Whether it’s changing the kitty’s fur color or eye color, the smart contract back on Ethereum needs to have a way of understanding these changes. Each new piece of functionality — or new type of “state transition” — requires a change to the logic followed by the plasma contract. In previous plasma specs, adding a feature like this meant that one would have to re-deploy the entire plasma contract and migrate everyone’s assets from the old plasma chain to the new one. This is not secure, scalable, or upgradeable.

Predicates: Making Plasma Useful

We ran into this upgradeability problem once we got far enough into our plasma chain design that we wanted to add new functionality. After some brainstorming, we realized there was an easy way to add new functionality without changing the main plasma chain contract. All of the various scenarios we’ve talked about so far have something in common — the off chain data is always for the purpose of “disputing” incorrect on-chain claims. The dispute for a particular claim is basically just some proof that the state referenced in the claim is outdated. A dispute about ownership proves that the user making the claim later transferred ownership to someone else. A dispute about kitty fur color requires proving that the kitty’s fur color has been changed. Our primary breakthrough was realizing that dispute conditions don’t need to be checked in the main smart contract. Instead, we could have other smart contracts implement a function that would tell us if the dispute was valid or not. We could add new functionality by creating a new contract that implemented the necessary logic for that functionality and then have our main contract reference the new one. We call these external contracts ‘predicates’ . Now it was really easy to add new functionality, but we still needed a way to know which predicate to use for a particular state update. A claim about a kitty’s fur color can’t be disputed by a change in the kitty’s eye color. So how do we know which predicate to use? Simple! We just add the requirement that the state update also says which predicate it’s subject to. Now the update message that changes a kitty’s fur color could be, “I’m making this kitty’s fur color blue and disputes can be handled by the predicate sitting at ( 0x123… )” Since users can specify any predicate address they want, anyone can add new functionality to the plasma chain at any time by deploying a new predicate on Ethereum. There’s a little more to predicates than just handling disputes, but we’ll get into that later. What’s important is that predicates just have to implement a standard interface, defined in this next section.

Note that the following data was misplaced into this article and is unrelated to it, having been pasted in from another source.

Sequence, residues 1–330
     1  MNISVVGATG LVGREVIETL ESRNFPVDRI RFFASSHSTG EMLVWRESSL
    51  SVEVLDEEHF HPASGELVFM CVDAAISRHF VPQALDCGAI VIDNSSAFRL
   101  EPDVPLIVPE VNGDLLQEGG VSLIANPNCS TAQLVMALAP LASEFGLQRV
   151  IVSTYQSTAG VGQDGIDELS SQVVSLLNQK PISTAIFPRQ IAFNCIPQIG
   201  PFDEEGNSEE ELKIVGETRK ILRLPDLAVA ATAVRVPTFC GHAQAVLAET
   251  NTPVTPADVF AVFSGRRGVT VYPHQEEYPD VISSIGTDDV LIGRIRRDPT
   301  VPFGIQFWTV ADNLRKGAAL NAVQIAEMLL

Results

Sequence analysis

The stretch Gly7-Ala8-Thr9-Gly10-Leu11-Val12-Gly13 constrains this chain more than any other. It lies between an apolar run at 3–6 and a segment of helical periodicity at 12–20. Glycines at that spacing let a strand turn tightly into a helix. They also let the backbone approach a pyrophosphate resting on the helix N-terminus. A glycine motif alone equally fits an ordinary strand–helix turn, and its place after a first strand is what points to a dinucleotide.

Predicates in Practice

State Objects

Now let’s dive into the details of how this all works in practice. The building block of our plasma chain design is the ‘state object’. A state object is just a piece of data with two attributes:

State objects are effectively assets — a generalization of the concept of the non-fungible “coins” in Plasma Cash. Just like each unique coin had a coinID in Cash, each state object has a stateID . That’s it! The stateID s are assigned sequentially based on deposits into the plasma chain, but there aren’t any rules about what parameters or predicate can be. Each plasma block is a collection of “state updates,” which define new stateObjects s at particular stateID s.

Because we use a range-based Cash variant , stateUpdate s are actually specified over ranges of stateObject IDs:

stateUpdate = {
   start: uint,
   end: uint,